The Flood Story – Genesis 6-9


In the first 6 verses of chapter 6 God is offended that the people of the land, הָאָדָם (ha·eretz), encouraged their women to mate with the sons of God1)Little is known of the sons of God. Michael Heiser and others suggest they were “fallen angels” and therefore verbotin to humans. However, all theories as to who were the sons of God are very controversial..

Genesis 6:7

וַיֹּאמֶר יְהוָה אֶמְחֶה אֶת־הָאָדָם אֲשֶׁר־בָּרָאתִי מֵעַל פְּנֵי הָאֲדָמָה מֵאָדָם עַד־בְּהֵמָה עַד־רֶמֶשׂ וְעַד־עוֹף הַשָּׁמָיִם כִּי נִחַמְתִּי כִּי עֲשִׂיתִם


Mechanical Translation:

And-said [the-]LORD, I-shall-wipe the-mankind who-I-created from-on the-faces-of the-red-soil; from-mankind up-to beast, up-to-creeping-things and-up-to-flying-creatures-of the-sky because sorried-am-I that I-made-them.

Literal translation:

And the LORD said, “I shall wipe mankind from the {ground, land}; from mankind unto beasts, unto creeping things, and unto flying creatures of the sky because I regret that I made them.”


מֵעַל פְּנֵי הָאֲדָמָה: The NIV, NRS, NLT, KJV, and the LXE2)An English translation of the Greek Septuagint. misunderstands הָאֲדָמָה (haadamah) by translating adamah as ‘earth'3)This is confusing, since in modern times, earth can also be understood as the “planet earth”, a concept unknown to the ancient Hebrews of the Ancient Near East.. In ancient Hebrew, adamah literally meant the red arable soil of the Canaan highlands.  However, adamah is used more frequently to mean any cultivated, plantable ground or property. The key here is that adamah almost always refers to settled land. For example, Ezekiel uses adamah almost exclusively to mean the “land of Israel” – land settled by the people of Israel.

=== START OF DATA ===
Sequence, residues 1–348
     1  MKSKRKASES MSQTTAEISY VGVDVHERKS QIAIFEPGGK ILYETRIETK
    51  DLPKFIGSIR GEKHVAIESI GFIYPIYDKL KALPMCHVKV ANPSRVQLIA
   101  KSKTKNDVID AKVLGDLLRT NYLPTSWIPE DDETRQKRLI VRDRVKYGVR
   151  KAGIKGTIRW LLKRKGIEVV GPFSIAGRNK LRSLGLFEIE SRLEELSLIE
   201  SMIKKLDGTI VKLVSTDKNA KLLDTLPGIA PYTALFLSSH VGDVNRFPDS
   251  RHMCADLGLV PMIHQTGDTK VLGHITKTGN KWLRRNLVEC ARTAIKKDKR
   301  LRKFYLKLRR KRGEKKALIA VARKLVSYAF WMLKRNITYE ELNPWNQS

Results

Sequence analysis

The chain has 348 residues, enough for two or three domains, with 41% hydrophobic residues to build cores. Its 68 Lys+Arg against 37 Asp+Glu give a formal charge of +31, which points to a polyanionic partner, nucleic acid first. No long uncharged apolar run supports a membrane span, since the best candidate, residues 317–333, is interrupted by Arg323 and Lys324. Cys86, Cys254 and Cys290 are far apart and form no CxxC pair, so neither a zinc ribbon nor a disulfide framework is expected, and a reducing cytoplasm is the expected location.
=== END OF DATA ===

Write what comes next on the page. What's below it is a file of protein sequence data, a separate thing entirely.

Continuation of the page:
A more correct understanding this verse, therefore, is not that God intends to eliminate all of mankind from the planet earth. The planet earth is simply not in view. Rather, His intention is to rid the settled areas that had been cultivated or otherwise civilized – of all life.

In verse 6:17 we have the first mention of the flood

Genesis 6:17

וַאֲנִי הִנְנִי מֵבִיא אֶת־הַמַּבּוּל מַיִם עַל־הָאָרֶץ לְשַׁחֵת כָּל־בָּשָׂר אֲשֶׁר־בּוֹ רוּחַ חַיִּים מִתַּחַת הַשָּׁמָיִם כֹּל אֲשֶׁר־בָּאָרֶץ יִגְוָע

Mechanical Translation:

And-I, behold, will-cause-making the-flood waters over-the-land to-spoil all-flesh which-in-it [is] breath-of the-living. From-underneath the-skies all which-in-the-earth [will]-die.

Literal translation:

Behold! I will cause the flood waters over the land to destroy all living flesh. From below the skies, all which [is] in the land will die.


עַל־הָאָרֶץ (al-ha·aretz): can be reasonably translated as “over all the land“, “over all the earth“, or “over all the country”. In no case is ha·aretz ever to be translated as “over all the planet“.  This rule is similar to the translation of הַשָּׁמָיִם (ha·shammayim). In many English Bibles these two words are translated as “the heavens”. In the Old Testament the concept of Heaven as understood by modern Christians, simply did not exist. Shammayim literall means skies.


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